A digital design student in New Jersey went viral over the weekend after 3D-printing his very own set of clear, orthodontic aligners - just like the ones that sell for thousands of dollars - all for less than US$60.
Twenty-three-year-old Amos Dudley had braces as a kid, but failed to maintain them, so was left with a crooked smile that he hated. As a poor college student, he couldn't afford more orthodontist work... but he did have access to state-of-the-art digital fabrication tools at university, so he decided to create his own aligner and see if he could fix his teeth himself. From the photos at least, it seems to be working.
You can see below his before and after images, showing 16 weeks of progress:
Dudley was inspired after researching brand name aligners and spotting the tell-tale 3D-printed layer striations in some of the up-close images. He'd seen those same striations in his own university creations.
"What is to stop someone, who has access to a 3D printer, from making their own orthodontic aligners?" writes Dudley on his blog. "Turns out, not much!"
After a lot of research into the proper orthodontic process, Dudley started by taking a mould of his teeth using alginate powder and then filled it with liquid PermaStone to set it. He then scanned the cast, and used software to digitally model the progression of his teeth towards his ultimate goal.
That's a lot trickier than it sounds - Dudley first needed to separate the teeth into different objects and plan out a route for them to travel so that they moved but didn't intersect with each other.
"Then it was just a matter of animating them into their correct positions," he writes. "I measured the total distance of travel, and divided it by the maximum recommended distance a tooth can travel per aligner. Each frame of animation was baked into a new STL model."
Using a Stratasys Dimension 1200es 3D printer from the New Jersey Institute of Technology, Dudley printed out each of the 12 models, and with a vacuum form machine, created plastic aligners over the top, using special dentist plastic he bought on eBay.
That part's important, because you can't actually print the aligners themselves, just the teeth they're modelled on - not only would 3D-printed aligners be uncomfortable, but the plastic is porous and would end up growing bacteria in your mouth. "These have to sit in the mouth without breaking down or releasing toxic chemicals, so the quality of the plastic is important," Dudley explains.
He's already been wearing the aligners day and night - only taking them out to eat - for 16 weeks, and wants to continue using them.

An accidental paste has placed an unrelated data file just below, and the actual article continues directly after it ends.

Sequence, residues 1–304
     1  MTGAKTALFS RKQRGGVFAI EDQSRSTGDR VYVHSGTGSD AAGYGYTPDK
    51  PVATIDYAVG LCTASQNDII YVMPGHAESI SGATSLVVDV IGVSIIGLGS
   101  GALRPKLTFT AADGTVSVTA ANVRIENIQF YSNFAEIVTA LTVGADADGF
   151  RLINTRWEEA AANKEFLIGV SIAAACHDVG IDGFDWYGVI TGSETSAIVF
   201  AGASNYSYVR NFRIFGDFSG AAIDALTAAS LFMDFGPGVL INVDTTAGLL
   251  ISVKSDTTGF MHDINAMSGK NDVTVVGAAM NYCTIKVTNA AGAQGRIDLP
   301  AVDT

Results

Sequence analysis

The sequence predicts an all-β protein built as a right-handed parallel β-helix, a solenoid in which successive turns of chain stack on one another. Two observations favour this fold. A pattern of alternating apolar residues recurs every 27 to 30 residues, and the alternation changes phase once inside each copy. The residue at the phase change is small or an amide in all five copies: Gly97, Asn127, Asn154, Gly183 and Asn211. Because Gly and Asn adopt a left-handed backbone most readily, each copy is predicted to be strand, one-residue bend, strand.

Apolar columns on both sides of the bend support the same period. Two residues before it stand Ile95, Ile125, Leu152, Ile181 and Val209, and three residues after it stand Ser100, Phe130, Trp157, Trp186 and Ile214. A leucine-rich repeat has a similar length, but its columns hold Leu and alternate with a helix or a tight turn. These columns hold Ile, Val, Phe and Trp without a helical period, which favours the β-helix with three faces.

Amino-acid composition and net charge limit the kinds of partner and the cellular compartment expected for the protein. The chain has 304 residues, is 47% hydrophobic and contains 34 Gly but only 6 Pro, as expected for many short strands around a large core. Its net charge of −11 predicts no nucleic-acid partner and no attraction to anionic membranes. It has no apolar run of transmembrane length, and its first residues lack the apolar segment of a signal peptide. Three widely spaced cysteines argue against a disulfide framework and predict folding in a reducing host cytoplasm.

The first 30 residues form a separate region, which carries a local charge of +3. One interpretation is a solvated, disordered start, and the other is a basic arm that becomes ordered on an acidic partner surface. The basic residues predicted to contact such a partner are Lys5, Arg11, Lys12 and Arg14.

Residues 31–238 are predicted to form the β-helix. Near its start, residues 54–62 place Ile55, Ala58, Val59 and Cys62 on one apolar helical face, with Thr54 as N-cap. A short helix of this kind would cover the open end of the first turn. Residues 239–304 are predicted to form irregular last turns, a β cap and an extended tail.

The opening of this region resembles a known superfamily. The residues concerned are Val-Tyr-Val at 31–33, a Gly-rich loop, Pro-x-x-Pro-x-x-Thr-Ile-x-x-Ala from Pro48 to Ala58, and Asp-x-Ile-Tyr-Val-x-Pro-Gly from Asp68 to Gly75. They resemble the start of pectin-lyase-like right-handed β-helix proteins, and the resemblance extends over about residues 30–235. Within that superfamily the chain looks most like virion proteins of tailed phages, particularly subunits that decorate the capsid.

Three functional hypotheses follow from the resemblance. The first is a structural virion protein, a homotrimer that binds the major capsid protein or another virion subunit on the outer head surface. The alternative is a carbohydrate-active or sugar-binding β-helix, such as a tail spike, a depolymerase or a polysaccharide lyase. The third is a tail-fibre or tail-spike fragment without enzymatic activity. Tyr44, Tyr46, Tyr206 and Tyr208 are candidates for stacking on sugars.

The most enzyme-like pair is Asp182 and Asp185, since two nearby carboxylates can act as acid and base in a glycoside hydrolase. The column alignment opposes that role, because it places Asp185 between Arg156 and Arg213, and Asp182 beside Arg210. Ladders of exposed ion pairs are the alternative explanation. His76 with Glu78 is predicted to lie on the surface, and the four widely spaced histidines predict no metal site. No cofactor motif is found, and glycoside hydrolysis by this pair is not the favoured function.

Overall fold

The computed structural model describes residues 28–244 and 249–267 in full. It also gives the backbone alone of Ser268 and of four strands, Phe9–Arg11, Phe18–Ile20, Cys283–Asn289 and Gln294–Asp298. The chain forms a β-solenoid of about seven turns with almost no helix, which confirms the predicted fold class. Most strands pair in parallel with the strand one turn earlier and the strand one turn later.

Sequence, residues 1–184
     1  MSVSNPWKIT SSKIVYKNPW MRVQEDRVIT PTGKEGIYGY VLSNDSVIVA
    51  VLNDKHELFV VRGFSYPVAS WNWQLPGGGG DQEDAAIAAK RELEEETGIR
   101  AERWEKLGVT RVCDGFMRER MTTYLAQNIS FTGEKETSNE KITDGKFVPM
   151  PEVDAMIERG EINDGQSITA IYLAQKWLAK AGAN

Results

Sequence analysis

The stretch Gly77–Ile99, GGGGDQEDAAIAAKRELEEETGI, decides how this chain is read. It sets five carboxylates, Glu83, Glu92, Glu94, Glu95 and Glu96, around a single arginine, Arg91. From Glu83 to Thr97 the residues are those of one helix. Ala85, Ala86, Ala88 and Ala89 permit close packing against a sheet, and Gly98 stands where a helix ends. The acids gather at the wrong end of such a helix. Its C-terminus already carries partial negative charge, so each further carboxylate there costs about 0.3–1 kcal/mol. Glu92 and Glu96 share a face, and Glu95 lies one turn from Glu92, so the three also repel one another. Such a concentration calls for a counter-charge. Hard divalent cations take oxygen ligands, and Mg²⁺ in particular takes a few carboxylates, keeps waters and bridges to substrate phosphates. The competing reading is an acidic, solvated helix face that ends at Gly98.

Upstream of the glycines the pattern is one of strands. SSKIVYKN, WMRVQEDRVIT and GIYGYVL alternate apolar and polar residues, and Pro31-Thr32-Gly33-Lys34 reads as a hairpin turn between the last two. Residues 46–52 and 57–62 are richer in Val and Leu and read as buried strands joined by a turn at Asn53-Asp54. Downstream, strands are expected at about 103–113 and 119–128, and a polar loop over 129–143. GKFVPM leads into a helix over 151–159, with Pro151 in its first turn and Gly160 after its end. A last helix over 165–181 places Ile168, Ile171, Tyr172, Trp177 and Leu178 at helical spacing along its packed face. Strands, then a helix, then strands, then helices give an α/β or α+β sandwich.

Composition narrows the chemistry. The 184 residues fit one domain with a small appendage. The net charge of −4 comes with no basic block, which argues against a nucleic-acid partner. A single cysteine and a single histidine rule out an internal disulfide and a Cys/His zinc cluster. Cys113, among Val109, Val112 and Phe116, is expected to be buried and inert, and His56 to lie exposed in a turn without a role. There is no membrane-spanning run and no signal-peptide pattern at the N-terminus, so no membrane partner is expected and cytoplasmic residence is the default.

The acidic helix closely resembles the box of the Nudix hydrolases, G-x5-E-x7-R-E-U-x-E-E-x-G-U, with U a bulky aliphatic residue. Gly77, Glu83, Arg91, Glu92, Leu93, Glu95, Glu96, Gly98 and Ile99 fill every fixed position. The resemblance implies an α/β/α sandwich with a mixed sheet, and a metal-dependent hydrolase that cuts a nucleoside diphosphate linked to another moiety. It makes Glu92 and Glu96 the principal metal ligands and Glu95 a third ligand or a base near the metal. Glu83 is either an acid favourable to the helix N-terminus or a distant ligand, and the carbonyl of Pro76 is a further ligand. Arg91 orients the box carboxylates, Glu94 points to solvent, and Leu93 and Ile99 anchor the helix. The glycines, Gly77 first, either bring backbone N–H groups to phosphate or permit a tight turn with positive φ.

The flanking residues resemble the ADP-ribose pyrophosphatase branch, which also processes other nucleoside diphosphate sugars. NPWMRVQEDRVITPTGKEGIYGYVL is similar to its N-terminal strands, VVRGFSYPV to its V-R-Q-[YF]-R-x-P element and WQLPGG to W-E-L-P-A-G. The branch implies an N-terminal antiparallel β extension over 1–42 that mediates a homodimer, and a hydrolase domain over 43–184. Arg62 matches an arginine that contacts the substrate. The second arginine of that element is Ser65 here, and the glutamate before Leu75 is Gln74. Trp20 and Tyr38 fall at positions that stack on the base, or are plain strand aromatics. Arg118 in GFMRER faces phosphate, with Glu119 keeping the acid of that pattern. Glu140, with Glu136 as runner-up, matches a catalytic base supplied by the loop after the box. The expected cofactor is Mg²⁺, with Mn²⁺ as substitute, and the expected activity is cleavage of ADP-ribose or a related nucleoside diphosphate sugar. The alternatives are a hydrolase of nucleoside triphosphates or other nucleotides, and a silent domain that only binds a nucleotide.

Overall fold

"As far as I know, I’m the first person to have tried DIY-ing plastic aligners. They’re much more comfortable than braces, and fit my teeth quite well. I was pleased to find, when I put the first one on, that it only seemed to put any noticeable pressure on the teeth that I planned to move - a success!" he writes. "Most importantly, I feel like I can freely smile again."
But while Dudley thinks his own experiment was a success, he doesn't recommend anyone else print their own aligners - and he's not going to start doing it for others any time soon.
And that's a good thing, because while the idea works in theory, there's a reason it takes around 10 years of training to become an orthodontist.
"I’m impressed with the way [he] was able to use the scanning and printing technology that he had available to engineer and produce his own aligners but a little frightened that he would actually use them to treat himself without a professional assessment of the health and function of the teeth," practising orthodontist Brent Larson, who teaches at the University of Minnesota, told Sophie Kleeman over at Gizmodo.
"In fact, when looking at the images of the DIYer’s teeth, there are specific areas of tooth wear visible that indicate unbalanced function and possible nighttime grinding."
And he's right to be worried - there have been some terrifying examples of DIY dentistry in the past.
"This isn’t like home remodelling where if you get into trouble you can always call in a professional later," said Larson. "Damage could result in loss of the supporting tooth root, gum recession, or, in the worst case, loss of teeth."
But while no one's recommending you start doing your own orthodontics at home, Dudley's experiment - and the interest in it - has highlighted the fact that people are "frustrated with the state of the orthodontic appliance industry," he told BuzzFeed. “There’s not enough competition, and prices are very high."
Hopefully this will put more pressure on trained, industry professionals to come up with safer and more affordable options for everyone. And isn't that what disruptive technology is all about?